Have you ever burnt something on the stove so thoroughly that it more or less fused with the pan you were cooking in?
I have—more than once. In fact, I once spent an entire year of my early 20s cleaning the charred remains of homemade chicken soup from the bottom of my roommate’s soup pot. I was heating up leftovers, and my roommate was nice enough not to make me feel worse than I already did. But still!
I immediately started a long, arduous process of scrubbing and soaking (as I said, a full year of it). After 365 guilt-ridden days, I did eventually return the pot in pristine condition, but suffice it to say that my story should serve as a warning for what not to do.
Indeed, by the time I stumbled upon what I should have done, I was living in an entirely new apartment with new roommates, and a newly scorched pan. This time, it was crab dip (I think), and I wasn’t the culprit, just someone older and wiser, who had seen a few things. This time, I had the wisdom to say, “There’s no way we’re going through this again,” and took it upon myself to find a better cleaning method.
Thankfully, it exists—and it’s cheap, easy to use, and most likely already in your laundry room: a dryer sheet.
Seriously. And all you have to do is put a single dryer sheet (or fabric softener sheet, if you prefer to call them that) in the bottom of your seemingly ruined pot or pan, add enough warm water to cover the charred bits, and let it soak. Depending on the level of destruction, you can go for as little as 15 to 20 minutes, or let it hang out overnight, but by the time you return, you’ll be able to sponge that scorched mess right off!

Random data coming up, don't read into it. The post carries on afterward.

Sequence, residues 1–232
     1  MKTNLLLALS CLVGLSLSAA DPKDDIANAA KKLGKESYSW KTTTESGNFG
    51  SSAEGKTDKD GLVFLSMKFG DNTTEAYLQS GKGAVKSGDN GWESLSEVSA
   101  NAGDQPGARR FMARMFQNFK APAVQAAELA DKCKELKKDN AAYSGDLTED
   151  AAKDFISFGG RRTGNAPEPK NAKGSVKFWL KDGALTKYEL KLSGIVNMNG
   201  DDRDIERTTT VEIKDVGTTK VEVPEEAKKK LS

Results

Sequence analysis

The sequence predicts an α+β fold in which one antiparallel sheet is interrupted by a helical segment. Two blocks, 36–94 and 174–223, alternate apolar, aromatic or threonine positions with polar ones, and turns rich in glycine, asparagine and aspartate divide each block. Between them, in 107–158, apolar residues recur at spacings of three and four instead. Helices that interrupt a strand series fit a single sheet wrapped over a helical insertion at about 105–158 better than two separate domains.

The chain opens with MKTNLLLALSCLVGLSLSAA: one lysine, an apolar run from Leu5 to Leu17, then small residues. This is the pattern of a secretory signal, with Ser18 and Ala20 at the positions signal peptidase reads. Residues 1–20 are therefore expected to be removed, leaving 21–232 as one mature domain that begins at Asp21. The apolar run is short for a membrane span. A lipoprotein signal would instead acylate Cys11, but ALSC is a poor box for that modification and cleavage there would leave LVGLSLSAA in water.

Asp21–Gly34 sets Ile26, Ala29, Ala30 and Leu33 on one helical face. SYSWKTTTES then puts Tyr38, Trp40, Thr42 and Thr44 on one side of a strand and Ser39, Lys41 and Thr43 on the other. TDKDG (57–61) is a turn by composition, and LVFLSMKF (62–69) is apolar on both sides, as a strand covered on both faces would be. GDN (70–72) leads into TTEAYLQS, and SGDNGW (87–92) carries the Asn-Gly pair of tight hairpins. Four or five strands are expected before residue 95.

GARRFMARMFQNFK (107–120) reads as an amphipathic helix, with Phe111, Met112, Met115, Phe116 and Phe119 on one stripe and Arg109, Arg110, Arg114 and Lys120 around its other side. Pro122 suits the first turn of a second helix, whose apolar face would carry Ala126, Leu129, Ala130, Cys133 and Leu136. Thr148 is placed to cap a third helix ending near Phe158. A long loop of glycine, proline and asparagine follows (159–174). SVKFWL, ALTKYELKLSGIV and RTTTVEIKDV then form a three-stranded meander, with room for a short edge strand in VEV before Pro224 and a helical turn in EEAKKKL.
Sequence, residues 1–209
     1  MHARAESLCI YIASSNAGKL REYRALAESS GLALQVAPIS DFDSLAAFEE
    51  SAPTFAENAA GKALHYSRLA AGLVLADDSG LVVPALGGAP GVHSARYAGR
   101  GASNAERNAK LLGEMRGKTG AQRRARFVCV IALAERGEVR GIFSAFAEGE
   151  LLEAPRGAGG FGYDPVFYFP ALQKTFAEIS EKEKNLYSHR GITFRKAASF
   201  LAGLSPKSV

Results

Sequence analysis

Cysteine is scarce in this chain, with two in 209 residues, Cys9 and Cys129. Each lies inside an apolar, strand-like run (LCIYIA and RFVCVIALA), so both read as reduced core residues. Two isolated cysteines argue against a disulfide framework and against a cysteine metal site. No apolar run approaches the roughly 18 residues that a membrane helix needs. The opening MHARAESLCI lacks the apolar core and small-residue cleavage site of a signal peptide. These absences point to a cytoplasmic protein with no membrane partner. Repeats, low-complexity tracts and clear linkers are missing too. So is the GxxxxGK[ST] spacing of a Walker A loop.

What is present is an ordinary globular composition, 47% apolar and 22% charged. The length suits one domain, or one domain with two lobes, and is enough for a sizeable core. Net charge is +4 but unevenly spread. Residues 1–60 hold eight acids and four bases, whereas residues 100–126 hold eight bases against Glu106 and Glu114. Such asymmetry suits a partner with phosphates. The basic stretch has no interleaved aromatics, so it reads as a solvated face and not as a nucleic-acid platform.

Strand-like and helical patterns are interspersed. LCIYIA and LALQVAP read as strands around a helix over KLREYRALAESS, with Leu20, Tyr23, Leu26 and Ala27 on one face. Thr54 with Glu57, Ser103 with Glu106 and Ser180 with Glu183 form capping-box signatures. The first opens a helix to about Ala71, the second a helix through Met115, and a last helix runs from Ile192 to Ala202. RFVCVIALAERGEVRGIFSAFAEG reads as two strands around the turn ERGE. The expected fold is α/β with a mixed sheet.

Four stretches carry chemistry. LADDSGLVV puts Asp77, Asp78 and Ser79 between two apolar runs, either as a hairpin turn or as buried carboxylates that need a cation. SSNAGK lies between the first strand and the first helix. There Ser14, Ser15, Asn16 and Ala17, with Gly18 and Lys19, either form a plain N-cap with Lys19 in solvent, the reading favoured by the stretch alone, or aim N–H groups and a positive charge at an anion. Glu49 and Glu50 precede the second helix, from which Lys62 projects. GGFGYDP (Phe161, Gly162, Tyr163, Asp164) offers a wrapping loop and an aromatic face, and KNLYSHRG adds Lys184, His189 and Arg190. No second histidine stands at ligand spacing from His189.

It feels like an absolute miracle—because it is. But, according to lifestyle reporter Anna De Souza, it’s also “likely the conditioning properties of the dryer sheet” that do the trick. And it’s not an exact science either: Feel free to use a second sheet if you’re dealing with an extreme case, and use hot water if you prefer. All I know is, it works.
Once you’ve gotten rid of the burnt remains of a would-be meal, wash your pot or pan with soap and water as you normally would, and be glad that you learned this information without sacrificing a year of your life. If only I had then what I do now: the guidance of a Food52 community that had this very wisdom to share with me.
In fact, upon further research, the first time someone ( a commenter also named Karen) recommended this dryer sheet hack on Food52 was in January 2014, by which time I was living in the second apartment. Was it her advice that changed my life? I can’t remember. But now I pass it on to you.
Do you have an even better way to deal with scorched pots and pans? Let us know in the comments.
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